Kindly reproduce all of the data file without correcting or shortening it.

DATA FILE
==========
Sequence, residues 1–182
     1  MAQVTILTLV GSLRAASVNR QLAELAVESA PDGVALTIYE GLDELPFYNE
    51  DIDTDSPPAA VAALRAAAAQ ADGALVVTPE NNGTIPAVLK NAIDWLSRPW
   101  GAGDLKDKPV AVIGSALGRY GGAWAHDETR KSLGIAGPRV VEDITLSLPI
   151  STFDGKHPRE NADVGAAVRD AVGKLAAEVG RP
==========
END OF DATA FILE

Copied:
Sequence, residues 1–182
     1  MAQVTILTLV GSLRAASVNR QLAELAVESA PDGVALTIYE GLDELPFYNE
    51  DIDTDSPPAA VAALRAAAAQ ADGALVVTPE NNGTIPAVLK NAIDWLSRPW
   101  GAGDLKDKPV AVIGSALGRY GGAWAHDETR KSLGIAGPRV VEDITLSLPI
   151  STFDGKHPRE NADVGAAVRD AVGKLAAEVG RP